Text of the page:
Local nonprofit provides permanent housing for military veterans
BRATTLEBORO -- Bob Miller proudly fought for his nation during World War II.
He served three years in the U.S. Army and was wounded at the Battle of Monte Cassino in Italy. The experience made him a proud veteran and aware of the sacrifices made by the men and women of the armed forces.
So it greatly disappointed him four and a half years ago when he learned from the Vermont Office of Veterans Affairs that there are 100 homeless vets in Vermont at any given time. That disappointment inspired him and other concerned citizens to develop Home At Last, Inc. with the mission of providing permanent housing for veterans who don't have a place to live.
The non-profit 501(c)(3) organization has since purchased five mobile homes in established parks, putting a roof over the head of individuals who once served in the American military. Three of the homes are in Brattleboro, one is in Dummerston and the other is in Hinsdale, N.H. Miller said Home At Last hopes to buy a sixth by the spring.
Miller said the mobile home tenants with an income pay 30 percent of it toward rent and utility costs.
"We're moving along. We operate on a very low budget," he said in his Bonnyvale Road home on Thursday. Miller said he believes Home At Last is the only program that aims to offer permanent housing, as all others provide temporary shelter.
With Veterans' Day approaching, the group is pitching its annual fund campaign and appealing to community members for donations to keep it afloat. All donations are tax-deductible. Treasurer/Secretary Lisa Lofting said all donors receive a thank-you note in the mail.
In a letter Home At Last plans is sending to locals, Chairman Tom Appel states homelessness among veterans is on the rise in this country and includes men and women who served during World War II as well as the wars in Korea, Vietnam, Iraq and Afghanistan.
According to Home At Last, 25 percent of all homeless people in the United States are military veterans. Substance abuse affects 50 percent of those vets and 45 percent suffer from mental illness.
Appel states in the letter that the organization's 2012 grant request to the Vermont Office of Veterans Affairs has been honored, but reduced to 50 percent (or $5,000) of its 2011 award. This is due, Miller said, to a 20-percent reduction in the amount of money the state raised via voluntary donations on the Vermont Income Tax form.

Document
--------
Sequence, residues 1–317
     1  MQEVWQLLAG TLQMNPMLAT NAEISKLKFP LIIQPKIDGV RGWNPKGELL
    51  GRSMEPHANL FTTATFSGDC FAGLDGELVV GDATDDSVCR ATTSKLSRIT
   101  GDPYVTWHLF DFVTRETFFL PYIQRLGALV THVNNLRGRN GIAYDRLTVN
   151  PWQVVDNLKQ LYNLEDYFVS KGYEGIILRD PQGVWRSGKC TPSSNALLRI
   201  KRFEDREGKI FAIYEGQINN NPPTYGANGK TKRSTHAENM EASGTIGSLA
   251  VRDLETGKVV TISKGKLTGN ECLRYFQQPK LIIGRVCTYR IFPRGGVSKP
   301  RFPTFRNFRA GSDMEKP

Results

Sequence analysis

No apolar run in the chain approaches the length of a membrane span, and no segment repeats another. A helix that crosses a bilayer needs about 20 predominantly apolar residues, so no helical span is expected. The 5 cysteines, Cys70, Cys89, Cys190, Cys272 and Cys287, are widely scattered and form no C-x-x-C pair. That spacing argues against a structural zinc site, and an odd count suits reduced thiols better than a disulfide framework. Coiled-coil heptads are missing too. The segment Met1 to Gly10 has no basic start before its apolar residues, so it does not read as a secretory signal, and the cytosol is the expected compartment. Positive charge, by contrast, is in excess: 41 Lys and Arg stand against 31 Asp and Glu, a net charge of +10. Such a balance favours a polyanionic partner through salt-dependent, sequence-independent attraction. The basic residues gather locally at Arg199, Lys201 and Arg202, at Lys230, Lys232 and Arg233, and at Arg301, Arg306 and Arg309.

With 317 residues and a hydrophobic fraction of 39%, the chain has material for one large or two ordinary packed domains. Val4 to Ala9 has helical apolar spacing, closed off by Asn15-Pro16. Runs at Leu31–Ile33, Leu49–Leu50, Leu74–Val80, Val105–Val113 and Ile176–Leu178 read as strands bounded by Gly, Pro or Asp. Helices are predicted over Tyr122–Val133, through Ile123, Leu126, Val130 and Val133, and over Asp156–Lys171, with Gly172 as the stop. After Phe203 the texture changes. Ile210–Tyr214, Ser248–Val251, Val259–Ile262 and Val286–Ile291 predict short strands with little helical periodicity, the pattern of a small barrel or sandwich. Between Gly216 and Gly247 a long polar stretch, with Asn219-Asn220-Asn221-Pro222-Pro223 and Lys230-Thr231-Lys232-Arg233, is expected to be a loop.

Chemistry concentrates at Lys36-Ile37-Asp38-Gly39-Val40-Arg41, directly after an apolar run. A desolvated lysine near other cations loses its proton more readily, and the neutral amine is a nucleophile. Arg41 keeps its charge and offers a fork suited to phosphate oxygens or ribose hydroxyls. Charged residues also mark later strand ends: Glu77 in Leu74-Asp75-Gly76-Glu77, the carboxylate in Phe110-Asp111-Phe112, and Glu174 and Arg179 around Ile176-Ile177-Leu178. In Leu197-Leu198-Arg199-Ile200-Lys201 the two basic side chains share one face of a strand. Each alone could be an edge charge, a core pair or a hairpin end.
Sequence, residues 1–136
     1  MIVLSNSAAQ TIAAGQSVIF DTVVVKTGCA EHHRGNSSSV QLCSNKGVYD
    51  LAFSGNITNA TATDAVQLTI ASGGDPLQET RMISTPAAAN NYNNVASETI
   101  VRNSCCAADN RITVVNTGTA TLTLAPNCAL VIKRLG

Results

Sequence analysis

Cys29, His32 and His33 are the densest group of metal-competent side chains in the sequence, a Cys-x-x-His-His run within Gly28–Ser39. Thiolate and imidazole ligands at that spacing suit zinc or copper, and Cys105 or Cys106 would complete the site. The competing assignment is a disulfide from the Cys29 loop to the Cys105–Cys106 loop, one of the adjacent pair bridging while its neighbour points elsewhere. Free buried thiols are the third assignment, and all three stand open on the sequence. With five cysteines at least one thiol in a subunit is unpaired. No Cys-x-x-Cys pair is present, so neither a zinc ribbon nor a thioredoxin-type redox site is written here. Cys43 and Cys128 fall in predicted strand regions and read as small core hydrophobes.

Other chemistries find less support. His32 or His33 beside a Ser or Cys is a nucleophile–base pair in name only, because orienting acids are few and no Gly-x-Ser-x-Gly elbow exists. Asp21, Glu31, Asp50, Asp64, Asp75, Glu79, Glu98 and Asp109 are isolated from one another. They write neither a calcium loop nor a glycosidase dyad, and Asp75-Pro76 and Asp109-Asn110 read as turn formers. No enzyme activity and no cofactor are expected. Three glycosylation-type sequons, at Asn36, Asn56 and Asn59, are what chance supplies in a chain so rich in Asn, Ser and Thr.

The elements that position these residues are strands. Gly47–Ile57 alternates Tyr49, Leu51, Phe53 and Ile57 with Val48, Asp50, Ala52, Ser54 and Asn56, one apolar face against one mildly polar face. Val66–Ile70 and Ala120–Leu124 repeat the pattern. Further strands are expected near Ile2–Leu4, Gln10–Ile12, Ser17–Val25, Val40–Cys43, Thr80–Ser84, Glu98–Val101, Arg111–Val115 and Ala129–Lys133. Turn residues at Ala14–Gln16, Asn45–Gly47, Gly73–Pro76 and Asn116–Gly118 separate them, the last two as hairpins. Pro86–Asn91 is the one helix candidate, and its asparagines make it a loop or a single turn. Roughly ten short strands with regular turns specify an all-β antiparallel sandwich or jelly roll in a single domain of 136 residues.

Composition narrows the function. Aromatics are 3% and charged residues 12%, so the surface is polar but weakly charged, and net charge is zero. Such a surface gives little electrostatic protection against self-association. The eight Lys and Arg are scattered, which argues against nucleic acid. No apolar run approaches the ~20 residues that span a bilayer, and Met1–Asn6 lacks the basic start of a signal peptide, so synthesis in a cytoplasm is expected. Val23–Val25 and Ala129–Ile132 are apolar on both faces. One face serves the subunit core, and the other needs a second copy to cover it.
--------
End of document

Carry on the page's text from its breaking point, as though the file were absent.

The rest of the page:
Appel, who is not a veteran, said he got involved about a year and a half ago when he was approached by some board members. He told the Reformer he knew it was a great cause.
Appel said his job entails working with the organization's finances and the business side of the group. But he said every board member leaves the monthly or bi-montly meetings with a list of things to do.
Lofting and her husband, board member Scott Lofting, both are both Air Force veterans and went a while without realizing homelessness was such a big problem in Vermont. Lisa said it is "a dirty little secret" in the area.
She said a family member told them about Home At Last and thought they might be interested in volunteering. Lisa said she and Scott get a lot of satisfaction helping military veterans who are not as fortunate as themselves.
"We give them a chance to start over," she said. "Sometimes when you're homeless your family doesn't have anything to do with you. We help (veterans) get started in a new direction."
Home At Last not only purchases the mobile homes but also does renovating and furnishing work and equips them with the basic necessities. The organization does not have an overhead operating budget and the administration work is handled by the volunteer board of directors.
Domenic Poli can be reached at email@example.com, or 802-254-2311, ext. 277.
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